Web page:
How to Travel Ethically
When planning a trip, I naturally tend to focus first on flights and accommodations, then moving into research on things to do, then mapping things out to plan a loose itinerary so that we aren’t wandering back and forth across a city. My final bit of planning could arguably be one of the most important pieces - considering the impact of my tourism.
Part of living intentionally is awareness of your actions and impact on others. This is particularly important when traveling, when your actions and purchases have a direct impact upon the people, landscape, and wildlife. Making small changes to the way we experience a place can have lasting impacts. Below are some suggestions of how to start:
- Support local businesses - Rather than large chains that you could find anywhere in the world, give your dollars to local business owners. Look for small restaurants or boutiques owned by locals. Not only are you likely to find unique treasures or delicious meals, but you’re supporting a local family.
- Pay a fair price - This one is a bit tricky to navigate, as bartering is normal in many cultures. Paying the asking price can sometimes drive up prices for locals, but offering pennies for goods can be insulting and detract value from handmade goods. Take the time to do some research and ask around to discover a fair price that benefits the locals and places value on the goods they have made.
- Follow dress codes - Especially when visiting sacred or religious sites, consider and abide by the local dress code. If covered shoulders are expected, be sure to pack appropriate garments or purchase a shawl to temporarily cover up. Even if it seems archaic or sexist (or whatever) to you, you are a guest and it is not your place to fight a practice that you may not completely understand. Show your respect by following the rules.
- Be mindful before taking photographs - If the signs in a museum or cultural site request that no photographs be taken, then don’t take a photo. There are many reasons that policy may be in place (in some cases for artwork and artifacts, flashes of light can be damaging), but it’s best to just be considerate and tuck your camera away. The same goes for taking photos of locals - they are people, not animals. Ask permission before taking a photo and be mindful before sharing those photos. What are your true intentions in taking or sharing that photo?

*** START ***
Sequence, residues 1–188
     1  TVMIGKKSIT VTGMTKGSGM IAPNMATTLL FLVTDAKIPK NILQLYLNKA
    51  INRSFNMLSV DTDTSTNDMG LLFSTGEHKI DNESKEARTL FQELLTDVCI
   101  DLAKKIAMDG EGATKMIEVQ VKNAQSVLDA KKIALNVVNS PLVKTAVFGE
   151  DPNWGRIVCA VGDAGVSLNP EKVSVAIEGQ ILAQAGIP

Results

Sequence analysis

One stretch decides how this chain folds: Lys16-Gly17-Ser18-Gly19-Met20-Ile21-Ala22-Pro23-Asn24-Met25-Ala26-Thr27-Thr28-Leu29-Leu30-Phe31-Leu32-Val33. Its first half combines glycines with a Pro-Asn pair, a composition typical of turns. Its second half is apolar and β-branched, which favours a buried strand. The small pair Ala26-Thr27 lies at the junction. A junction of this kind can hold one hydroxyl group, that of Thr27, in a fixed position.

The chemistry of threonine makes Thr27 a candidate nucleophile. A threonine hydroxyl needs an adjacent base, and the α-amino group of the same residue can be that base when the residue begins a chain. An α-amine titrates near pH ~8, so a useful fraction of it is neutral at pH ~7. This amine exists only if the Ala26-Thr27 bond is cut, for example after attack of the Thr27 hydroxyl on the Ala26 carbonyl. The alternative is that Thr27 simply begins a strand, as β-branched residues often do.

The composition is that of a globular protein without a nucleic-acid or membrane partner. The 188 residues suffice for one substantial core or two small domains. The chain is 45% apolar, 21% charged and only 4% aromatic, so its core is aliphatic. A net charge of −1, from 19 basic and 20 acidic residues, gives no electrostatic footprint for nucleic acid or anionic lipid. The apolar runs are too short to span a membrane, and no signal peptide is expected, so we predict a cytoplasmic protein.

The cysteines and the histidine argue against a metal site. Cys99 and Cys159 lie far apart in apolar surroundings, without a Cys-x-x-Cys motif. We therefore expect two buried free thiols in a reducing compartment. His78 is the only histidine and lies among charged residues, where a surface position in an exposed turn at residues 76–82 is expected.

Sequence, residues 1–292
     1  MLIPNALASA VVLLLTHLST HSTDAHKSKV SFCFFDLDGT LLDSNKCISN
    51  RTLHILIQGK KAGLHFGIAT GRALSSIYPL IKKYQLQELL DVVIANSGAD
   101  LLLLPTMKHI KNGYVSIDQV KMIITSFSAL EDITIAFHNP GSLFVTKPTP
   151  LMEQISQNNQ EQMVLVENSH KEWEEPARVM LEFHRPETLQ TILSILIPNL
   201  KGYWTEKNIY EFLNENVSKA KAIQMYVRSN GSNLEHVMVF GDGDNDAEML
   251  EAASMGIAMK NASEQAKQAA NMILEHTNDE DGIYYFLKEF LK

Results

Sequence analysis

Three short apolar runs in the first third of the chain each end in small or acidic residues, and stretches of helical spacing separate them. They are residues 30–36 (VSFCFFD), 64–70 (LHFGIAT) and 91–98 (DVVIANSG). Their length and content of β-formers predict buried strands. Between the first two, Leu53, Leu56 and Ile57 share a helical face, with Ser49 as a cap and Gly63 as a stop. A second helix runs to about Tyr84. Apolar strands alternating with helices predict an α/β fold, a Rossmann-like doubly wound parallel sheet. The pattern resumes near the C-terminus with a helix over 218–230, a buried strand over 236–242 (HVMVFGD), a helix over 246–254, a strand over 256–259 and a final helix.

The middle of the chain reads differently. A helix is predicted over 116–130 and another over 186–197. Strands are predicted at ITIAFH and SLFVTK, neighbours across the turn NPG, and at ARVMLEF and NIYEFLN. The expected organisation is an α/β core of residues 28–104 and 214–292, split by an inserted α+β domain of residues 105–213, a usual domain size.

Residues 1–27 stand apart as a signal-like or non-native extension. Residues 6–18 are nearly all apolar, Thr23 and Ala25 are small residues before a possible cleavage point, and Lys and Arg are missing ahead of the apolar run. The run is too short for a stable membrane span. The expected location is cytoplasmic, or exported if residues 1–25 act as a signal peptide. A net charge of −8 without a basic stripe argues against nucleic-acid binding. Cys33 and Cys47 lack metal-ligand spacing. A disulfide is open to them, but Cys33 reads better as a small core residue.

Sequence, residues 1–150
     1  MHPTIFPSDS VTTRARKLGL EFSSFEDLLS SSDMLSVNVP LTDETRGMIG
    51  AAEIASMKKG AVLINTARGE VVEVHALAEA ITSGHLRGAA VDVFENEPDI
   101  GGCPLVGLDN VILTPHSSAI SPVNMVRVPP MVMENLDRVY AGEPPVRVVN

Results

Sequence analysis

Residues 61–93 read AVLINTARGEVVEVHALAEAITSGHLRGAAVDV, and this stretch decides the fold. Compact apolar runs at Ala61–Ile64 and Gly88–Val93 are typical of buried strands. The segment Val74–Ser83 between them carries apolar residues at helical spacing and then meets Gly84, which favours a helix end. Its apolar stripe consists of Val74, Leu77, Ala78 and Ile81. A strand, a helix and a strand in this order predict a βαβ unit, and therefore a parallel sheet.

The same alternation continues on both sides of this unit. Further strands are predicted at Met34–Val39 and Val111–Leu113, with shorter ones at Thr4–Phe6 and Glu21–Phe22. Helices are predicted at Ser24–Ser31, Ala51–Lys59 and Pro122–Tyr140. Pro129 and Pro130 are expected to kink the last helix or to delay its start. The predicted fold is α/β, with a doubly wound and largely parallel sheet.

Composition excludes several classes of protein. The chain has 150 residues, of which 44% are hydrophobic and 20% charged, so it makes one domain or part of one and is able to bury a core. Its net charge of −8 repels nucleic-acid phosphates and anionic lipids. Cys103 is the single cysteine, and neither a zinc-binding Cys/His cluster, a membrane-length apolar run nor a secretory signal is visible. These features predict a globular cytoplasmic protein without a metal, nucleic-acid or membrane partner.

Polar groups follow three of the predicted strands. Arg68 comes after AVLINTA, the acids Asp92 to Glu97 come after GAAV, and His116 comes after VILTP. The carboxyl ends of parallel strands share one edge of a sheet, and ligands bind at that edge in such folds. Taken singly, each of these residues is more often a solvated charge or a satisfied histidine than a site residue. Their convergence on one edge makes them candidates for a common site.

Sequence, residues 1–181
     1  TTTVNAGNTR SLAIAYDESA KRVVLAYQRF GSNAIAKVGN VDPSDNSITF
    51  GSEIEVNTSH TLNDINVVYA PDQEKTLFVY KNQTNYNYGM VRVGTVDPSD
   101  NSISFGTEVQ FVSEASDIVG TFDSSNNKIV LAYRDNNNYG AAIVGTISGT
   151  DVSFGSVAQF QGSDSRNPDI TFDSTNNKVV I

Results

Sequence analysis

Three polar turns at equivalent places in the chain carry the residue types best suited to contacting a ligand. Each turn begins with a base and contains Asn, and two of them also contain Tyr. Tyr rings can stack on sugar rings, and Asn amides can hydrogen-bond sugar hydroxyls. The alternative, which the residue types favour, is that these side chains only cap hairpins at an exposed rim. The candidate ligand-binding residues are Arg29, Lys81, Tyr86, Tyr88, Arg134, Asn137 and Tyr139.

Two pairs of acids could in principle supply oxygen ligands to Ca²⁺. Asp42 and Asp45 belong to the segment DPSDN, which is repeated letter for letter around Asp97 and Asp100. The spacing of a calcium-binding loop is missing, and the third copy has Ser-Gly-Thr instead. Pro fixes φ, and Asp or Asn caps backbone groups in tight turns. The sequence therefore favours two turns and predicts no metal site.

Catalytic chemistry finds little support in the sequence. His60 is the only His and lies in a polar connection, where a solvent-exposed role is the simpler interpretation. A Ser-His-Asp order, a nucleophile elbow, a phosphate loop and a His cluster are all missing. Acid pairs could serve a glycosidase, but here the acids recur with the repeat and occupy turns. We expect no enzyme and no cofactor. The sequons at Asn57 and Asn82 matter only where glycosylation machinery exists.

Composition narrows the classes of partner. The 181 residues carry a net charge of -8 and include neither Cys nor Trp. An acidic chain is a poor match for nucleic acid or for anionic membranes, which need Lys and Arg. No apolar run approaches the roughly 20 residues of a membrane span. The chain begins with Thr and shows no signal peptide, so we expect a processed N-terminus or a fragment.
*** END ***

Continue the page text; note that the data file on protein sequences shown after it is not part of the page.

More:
- Do some research on cultural norms - From ordering food to tipping, to standard meal times, to concepts of time and personal space, do a little research! You might find yourself annoyed at the lack of lines or the way people are crowded together, but culturally there may be a big difference in perspective on personal space or appropriate ways to gather. Instead of getting upset, get educated and know what to expect so you can respond and act appropriately.
- Clean up after yourself - Do not litter. Always clean up your trash - whether on a park, the beach, hiking a mountain, or renting an Airbnb. Show respect to the land and environment by always cleaning up any waste. You could even always pack a spare baggie for storing trash if you cannot find anywhere to put it.
- Don’t exploit the wildlife - As much as I would love to ride an elephant or pet a tiger, it isn’t worth it if those animals are not being treated the way they should be treated. So before participating in any animal tourism, find out more. Learn more about the practices, and long term impacts before supporting a potentially dangerous and destructive industry. Find other ways you could interact with or support wildlife in a safe and responsible way.
- Learn a bit of the language - Put in the effort to learn basic greetings and pleasantries, and at least try to pronounce. While the occasional person might find incorrect pronunciation rude, most will appreciate the effort to learn and use the local language. There are so many websites and apps out there that make it easy and quick to learn!
While this certainly isn’t an exhaustive list, these are easy ways to start your journey to traveling ethically and sustainably. Have you ever done any of these things while traveling? What advice would you give to others who want to travel ethically? Tell us more in the comments below and on Instagram.